Supporting Students During the Coronavirus Pandemic: Creating a Learning Environment at Home

Whether it’s younger children with their toys everywhere or it’s older children commandeering the kitchen table (or both), it can be hard to know how to set up your living space for learning.

Thanks to Jono Hey @ https://www.sketchplanations.com/ for use of his brilliant drawings.

There are two ways to think about the learning environment: it’s either like a watering hole or it’s like a well.

  • ‘A watering hole’ is best suited to younger children – wherever they wander, there will be some learning to drink up. This can be educational posters on the wall (cheapest at The Works), chalk lettering on the patio, a kitchen clock that teaches time-telling effortlessly (try EasyRead Time Teacher) or an audiobook playing in the background. This type of learning is incredibly effectice and powerful, if you’re willing to live in an Early Learning Centre.

  • ‘A well’ is better for older children who need an area allocated specifically to them where they know they can go to study. I think the kitchen table is a terrible place for them to work. It means interrupting the flow of the household. If at all possible allocate some floor space (many teenagers love to spread out their books on the floor), a desk or shelves (can be used as a standing desk) which they can allocate as a study space.

    Having a specific spot where studying happens can really support effective learning. The student learns to associate that space with studying and clicks into the learning-mode more easily each time.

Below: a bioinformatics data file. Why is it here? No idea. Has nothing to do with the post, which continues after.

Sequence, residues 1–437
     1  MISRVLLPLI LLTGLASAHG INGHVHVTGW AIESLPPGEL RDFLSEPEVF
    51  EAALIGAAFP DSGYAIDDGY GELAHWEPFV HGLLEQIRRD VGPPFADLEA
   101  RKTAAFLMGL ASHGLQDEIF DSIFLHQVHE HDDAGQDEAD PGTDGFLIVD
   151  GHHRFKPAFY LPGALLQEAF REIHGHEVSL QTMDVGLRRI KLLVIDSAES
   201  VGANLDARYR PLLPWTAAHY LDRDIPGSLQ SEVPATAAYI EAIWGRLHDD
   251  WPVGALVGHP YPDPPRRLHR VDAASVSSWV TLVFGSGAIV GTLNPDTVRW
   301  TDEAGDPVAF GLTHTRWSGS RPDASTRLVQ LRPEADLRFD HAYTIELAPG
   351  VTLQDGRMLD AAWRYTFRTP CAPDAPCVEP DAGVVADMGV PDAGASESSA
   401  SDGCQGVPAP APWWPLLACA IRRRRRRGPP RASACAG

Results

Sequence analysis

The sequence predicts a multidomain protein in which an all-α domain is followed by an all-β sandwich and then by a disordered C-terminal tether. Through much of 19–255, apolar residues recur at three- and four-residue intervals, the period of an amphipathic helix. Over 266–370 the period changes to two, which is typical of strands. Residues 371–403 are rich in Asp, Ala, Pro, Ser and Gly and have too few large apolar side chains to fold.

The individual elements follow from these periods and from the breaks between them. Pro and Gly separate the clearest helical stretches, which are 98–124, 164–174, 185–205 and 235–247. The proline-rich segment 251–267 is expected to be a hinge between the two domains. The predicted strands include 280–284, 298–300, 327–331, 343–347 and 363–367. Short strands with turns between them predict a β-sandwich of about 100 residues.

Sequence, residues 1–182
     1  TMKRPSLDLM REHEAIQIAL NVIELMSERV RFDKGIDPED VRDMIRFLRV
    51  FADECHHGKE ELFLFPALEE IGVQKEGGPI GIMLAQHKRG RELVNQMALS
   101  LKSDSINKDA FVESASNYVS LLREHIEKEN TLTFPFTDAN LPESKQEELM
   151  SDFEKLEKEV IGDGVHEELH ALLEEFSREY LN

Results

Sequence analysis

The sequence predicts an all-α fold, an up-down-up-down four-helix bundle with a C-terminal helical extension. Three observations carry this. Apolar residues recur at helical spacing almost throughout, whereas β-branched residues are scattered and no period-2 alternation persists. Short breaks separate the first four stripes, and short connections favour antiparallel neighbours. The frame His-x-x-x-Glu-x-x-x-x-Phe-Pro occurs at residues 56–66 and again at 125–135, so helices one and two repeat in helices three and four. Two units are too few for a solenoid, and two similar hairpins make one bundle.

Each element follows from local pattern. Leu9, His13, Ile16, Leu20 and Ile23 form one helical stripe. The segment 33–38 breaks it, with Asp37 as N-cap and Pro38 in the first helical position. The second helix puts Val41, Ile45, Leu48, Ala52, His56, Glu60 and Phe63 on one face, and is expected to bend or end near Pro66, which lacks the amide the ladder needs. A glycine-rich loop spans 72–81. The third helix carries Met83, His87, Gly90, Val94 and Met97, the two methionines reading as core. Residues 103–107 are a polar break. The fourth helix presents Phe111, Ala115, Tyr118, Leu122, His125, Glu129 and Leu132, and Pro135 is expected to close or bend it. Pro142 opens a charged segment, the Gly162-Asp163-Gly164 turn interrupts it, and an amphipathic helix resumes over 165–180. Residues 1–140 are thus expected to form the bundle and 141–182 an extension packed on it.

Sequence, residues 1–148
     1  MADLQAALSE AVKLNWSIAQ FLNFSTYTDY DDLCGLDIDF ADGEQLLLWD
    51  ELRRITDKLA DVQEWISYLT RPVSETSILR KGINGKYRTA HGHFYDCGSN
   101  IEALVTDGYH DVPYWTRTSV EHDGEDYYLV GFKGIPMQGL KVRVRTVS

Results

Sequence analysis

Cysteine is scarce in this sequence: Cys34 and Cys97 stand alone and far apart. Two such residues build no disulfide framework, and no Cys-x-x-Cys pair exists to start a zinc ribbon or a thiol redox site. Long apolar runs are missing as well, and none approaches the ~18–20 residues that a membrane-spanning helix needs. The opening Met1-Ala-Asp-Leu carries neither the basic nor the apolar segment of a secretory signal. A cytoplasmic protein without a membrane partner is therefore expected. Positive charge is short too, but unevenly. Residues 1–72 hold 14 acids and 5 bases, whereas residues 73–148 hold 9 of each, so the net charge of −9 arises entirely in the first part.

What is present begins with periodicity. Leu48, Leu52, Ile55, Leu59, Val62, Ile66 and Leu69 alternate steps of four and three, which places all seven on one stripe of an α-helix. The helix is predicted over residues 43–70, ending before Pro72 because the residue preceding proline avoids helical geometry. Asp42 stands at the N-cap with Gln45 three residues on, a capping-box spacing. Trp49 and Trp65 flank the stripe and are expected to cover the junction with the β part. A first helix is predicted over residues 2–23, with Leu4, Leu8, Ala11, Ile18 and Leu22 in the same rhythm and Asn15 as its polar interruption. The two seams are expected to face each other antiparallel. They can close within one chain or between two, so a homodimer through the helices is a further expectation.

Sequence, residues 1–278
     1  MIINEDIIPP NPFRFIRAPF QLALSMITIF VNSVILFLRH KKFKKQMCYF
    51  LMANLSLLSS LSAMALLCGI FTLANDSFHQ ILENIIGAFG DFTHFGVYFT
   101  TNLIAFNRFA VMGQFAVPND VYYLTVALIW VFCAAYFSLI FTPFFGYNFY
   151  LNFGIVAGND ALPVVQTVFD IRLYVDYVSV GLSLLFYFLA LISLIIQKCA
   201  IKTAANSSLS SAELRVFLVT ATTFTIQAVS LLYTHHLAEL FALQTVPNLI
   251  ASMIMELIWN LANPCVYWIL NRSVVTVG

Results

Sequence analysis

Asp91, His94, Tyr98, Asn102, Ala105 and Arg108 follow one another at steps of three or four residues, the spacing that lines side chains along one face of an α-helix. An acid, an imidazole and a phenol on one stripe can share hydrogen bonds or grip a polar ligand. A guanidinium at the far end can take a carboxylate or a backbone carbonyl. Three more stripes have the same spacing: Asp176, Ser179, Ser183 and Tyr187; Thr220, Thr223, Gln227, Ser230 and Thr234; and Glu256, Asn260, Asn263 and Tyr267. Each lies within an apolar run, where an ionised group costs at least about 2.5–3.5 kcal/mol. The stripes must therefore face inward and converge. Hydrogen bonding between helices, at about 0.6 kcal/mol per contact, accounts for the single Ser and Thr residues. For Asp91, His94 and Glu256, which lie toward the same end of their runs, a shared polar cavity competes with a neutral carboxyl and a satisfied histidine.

The real answer is: we all want to live near a well and beside a watering hole. Because learning, both formal and informal is the fountain of youth.

What will you learn today?

Share on facebook
Share on twitter
Share on linkedin
Share on email

Related Posts

How to Incorporate Spaced Learning...

Cindy Palmer, Founder of STEM Tutoring based in Washington State, has a handy tip to help you embed spaced practice…

Why the Time to Focus...

Quite why it's taking us this long to get Sean McCormick onto the podcast, we will never know. But now…

Giving Students the Tools for...

Autonomy, responsibility, self-direction. These are basic tenets of Henry Dingle's educational philosophy. In this slightly longer episode, find out why…
About Us
group photo of
Qualified Tutor is a grassroots movement led by tutors and school-leaders to raise standards in the tutoring profession with the QT, a flexible yet comprehensive qualification and quality mark designed to enable and empower motivated tutors.

Let’s Socialize

Share on facebook
Share on twitter
Share on linkedin
Share on email
Popular Posts